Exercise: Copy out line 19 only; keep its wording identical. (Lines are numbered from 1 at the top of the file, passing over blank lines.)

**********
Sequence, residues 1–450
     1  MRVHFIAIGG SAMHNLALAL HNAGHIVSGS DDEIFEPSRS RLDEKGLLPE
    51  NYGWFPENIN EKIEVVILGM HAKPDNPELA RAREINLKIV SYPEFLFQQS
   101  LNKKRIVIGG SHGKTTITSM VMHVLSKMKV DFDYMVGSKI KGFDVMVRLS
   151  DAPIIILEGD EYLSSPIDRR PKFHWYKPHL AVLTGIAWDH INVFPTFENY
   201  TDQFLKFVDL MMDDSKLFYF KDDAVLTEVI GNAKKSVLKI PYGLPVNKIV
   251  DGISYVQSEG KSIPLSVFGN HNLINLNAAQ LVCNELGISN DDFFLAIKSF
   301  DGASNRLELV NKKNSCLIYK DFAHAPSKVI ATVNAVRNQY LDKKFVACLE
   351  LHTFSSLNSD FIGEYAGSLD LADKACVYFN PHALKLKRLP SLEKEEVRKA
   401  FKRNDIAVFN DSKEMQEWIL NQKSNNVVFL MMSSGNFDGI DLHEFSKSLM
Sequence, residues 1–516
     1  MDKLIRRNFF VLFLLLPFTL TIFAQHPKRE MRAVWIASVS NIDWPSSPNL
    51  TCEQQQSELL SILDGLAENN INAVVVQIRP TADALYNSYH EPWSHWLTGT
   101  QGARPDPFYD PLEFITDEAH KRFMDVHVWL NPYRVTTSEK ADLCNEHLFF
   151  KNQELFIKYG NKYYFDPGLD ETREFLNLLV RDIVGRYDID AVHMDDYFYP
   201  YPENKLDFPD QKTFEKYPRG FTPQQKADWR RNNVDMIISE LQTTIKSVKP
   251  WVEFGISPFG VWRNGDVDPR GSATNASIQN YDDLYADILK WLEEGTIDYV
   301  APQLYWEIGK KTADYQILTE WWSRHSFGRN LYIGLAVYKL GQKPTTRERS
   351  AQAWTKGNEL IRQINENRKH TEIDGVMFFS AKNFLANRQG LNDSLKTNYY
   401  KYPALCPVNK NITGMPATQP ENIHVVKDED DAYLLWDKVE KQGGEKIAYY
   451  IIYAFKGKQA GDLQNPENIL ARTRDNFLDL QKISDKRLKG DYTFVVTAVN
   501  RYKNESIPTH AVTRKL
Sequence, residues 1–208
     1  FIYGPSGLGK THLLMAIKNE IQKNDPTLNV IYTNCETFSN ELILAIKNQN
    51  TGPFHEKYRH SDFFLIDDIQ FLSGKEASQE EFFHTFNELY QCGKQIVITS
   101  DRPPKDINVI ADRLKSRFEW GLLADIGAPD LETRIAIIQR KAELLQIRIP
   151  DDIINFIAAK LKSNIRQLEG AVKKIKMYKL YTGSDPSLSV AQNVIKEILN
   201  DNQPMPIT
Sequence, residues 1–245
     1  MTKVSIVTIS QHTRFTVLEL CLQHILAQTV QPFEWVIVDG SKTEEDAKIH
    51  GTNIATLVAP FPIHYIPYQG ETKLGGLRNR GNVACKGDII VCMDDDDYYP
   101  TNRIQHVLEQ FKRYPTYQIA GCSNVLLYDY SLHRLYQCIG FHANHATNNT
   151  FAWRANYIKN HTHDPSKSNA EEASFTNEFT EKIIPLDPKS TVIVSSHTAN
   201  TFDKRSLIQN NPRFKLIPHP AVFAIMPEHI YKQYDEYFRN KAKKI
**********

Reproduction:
   351  AQAWTKGNEL IRQINENRKH TEIDGVMFFS AKNFLANRQG LNDSLKTNYY